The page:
BOOK REVIEW: “Out of Control” by Nancy Kurshan

Kijana Yashiri Askakri

From Prison Focus Issue 44
Fall 2014

Every aspiring prison rights activist, both captive and
non-captive, that has a desire to qualitatively learn
and to develop themselves into becoming a professionally
trained activists, so as to be effective through the
course of their line of work, must read and study Nancy Kurshan’s
book “Out of Control.” I highly suggest that study
groups be formulated, so as to advance and build upon the
organizational framework she has provided for the people,
to which has been conceptualized in simple and easy to read
language. The book at its core, illustrates countless examples
of mutual-aid-and-cooperation, along with emphasizing the
importance of having clearly established goals and objectives
that can be reasonably achieved.

Nancy Kurshan does an excellent job of highlighting the
signifi cance of a 15 year (1985 to 2000) struggle, the was
waged and became manifest in their collective efforts to end
the lockdown at Marion Federal Prison, that is located in the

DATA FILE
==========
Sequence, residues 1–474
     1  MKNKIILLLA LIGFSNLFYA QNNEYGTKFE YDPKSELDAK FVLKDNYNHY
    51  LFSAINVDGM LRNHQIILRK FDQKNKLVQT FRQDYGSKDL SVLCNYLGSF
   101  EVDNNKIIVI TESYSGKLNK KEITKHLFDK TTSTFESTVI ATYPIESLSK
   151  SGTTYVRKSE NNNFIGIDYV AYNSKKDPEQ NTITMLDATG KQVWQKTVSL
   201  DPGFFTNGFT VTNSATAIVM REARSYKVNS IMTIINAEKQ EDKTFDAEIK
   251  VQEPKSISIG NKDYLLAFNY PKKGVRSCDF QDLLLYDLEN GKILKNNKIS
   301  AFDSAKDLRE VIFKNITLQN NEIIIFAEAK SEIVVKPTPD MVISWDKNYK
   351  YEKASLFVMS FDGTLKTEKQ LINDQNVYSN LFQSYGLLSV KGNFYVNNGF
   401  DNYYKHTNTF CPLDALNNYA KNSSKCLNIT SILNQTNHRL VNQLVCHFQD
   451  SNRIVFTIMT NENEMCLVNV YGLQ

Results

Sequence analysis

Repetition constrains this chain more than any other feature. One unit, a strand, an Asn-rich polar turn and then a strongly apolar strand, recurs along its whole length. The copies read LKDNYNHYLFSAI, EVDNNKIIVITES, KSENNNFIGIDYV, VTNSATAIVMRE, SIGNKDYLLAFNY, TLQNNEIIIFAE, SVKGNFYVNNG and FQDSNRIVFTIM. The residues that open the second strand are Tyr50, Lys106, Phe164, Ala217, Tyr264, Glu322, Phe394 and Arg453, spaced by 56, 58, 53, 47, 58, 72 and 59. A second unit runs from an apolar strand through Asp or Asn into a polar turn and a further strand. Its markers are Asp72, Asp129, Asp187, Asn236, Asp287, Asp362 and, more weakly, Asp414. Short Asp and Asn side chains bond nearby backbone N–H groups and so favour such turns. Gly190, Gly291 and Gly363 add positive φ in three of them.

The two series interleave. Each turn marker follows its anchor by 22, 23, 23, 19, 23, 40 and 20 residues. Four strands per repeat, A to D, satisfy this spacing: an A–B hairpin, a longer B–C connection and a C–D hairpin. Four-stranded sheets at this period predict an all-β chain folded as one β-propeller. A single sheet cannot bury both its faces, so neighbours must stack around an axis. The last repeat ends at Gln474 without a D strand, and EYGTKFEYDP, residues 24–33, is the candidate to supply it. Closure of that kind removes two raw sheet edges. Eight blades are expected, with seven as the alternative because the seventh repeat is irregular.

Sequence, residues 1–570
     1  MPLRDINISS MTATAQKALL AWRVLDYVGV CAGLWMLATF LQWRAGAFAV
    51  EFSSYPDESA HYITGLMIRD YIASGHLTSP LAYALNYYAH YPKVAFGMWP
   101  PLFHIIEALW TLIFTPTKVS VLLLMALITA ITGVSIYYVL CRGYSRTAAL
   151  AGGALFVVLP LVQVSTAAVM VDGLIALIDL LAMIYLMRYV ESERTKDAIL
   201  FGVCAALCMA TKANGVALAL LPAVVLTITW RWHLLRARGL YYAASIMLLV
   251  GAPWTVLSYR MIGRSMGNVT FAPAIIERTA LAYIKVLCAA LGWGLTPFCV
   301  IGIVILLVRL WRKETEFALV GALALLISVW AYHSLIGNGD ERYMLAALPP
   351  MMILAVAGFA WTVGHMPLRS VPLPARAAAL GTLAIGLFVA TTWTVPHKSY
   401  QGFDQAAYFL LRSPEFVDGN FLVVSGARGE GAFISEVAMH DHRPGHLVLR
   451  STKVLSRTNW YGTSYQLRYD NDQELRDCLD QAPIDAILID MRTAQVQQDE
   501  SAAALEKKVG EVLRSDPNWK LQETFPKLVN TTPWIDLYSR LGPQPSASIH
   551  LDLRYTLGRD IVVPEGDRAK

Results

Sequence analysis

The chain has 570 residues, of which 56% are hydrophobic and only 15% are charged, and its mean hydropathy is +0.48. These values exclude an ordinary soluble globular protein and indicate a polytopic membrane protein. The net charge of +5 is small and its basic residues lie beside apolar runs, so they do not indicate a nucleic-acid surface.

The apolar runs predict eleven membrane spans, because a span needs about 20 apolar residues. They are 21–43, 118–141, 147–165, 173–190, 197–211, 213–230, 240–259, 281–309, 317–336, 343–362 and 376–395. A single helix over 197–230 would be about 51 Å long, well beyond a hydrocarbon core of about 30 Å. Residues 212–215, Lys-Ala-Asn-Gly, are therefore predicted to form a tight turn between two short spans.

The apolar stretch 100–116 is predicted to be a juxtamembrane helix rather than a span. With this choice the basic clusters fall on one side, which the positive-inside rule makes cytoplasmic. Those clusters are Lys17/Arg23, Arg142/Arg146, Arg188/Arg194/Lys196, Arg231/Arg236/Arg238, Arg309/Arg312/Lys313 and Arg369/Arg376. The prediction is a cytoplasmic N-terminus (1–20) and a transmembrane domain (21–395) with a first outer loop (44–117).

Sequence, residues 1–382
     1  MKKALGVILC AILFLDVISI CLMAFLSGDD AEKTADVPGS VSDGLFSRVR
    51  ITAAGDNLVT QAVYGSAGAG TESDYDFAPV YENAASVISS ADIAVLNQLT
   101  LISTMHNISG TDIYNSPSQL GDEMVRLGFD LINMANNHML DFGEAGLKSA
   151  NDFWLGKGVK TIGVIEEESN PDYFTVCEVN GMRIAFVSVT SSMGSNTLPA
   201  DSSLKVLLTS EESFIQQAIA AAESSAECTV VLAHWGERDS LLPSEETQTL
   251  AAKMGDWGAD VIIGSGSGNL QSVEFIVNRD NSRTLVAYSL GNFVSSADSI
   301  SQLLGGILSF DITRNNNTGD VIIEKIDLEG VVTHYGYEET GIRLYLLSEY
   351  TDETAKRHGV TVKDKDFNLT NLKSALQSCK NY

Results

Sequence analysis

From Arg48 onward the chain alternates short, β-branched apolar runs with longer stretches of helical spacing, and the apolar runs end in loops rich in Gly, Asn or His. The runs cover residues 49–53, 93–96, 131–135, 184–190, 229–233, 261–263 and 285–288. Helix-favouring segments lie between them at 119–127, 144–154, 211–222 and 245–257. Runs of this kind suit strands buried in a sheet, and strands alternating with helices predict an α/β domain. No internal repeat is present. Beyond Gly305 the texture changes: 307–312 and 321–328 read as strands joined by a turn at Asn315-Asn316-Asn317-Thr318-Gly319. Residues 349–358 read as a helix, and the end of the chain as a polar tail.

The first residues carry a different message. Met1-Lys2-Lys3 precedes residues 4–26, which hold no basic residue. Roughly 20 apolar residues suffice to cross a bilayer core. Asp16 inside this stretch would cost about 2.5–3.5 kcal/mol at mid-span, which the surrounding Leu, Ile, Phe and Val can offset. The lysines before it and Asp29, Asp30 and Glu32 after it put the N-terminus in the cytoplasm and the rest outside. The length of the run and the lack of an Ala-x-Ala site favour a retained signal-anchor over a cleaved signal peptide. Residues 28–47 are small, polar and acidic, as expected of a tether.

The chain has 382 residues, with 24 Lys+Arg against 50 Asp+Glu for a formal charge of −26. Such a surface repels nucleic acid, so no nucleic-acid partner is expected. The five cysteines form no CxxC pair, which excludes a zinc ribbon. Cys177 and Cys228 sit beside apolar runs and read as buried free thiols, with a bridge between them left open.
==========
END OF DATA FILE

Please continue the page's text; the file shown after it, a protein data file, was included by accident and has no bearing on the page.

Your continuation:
state of Illinois to which morphed into one of Amerikkka’s
notorious control unit and isolation-based torture chamber
(e.g. solitary confi nement).

As with any struggle that is geared towards movement
building, it begins with the idea of an individual and/or individuals,
which was the case with the Committee to End
the Marion Lockdown (CEML), when its founding members
Nancy Kurshan, Jan Susler, and Steve Whitman initially just
wanted to educate the people by exposing to the public, the
systemic practices of social, political, economical, and racial
injustices, that are inherent in the Prison Industrial Slave
Complex (e.g. PISC). And in addition to how these contradictions
impact and affect our communities. It wasn’t long
before their work took on a life of its own—a life molded by
their relentless strategic planning and organizing.

Unbeknownst to many in society, the construct of solitary
confi nement units, were originally modeled after the “diabolical